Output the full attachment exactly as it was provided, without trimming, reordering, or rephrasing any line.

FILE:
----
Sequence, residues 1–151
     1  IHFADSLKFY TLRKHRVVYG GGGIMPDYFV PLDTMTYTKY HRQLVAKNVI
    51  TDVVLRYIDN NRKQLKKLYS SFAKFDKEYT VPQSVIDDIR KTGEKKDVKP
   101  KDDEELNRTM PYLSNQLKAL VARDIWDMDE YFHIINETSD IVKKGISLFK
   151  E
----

Sequence, residues 1–151
     1  IHFADSLKFY TLRKHRVVYG GGGIMPDYFV PLDTMTYTKY HRQLVAKNVI
    51  TDVVLRYIDN NRKQLKKLYS SFAKFDKEYT VPQSVIDDIR KTGEKKDVKP
   101  KDDEELNRTM PYLSNQLKAL VARDIWDMDE YFHIINETSD IVKKGISLFK
   151  E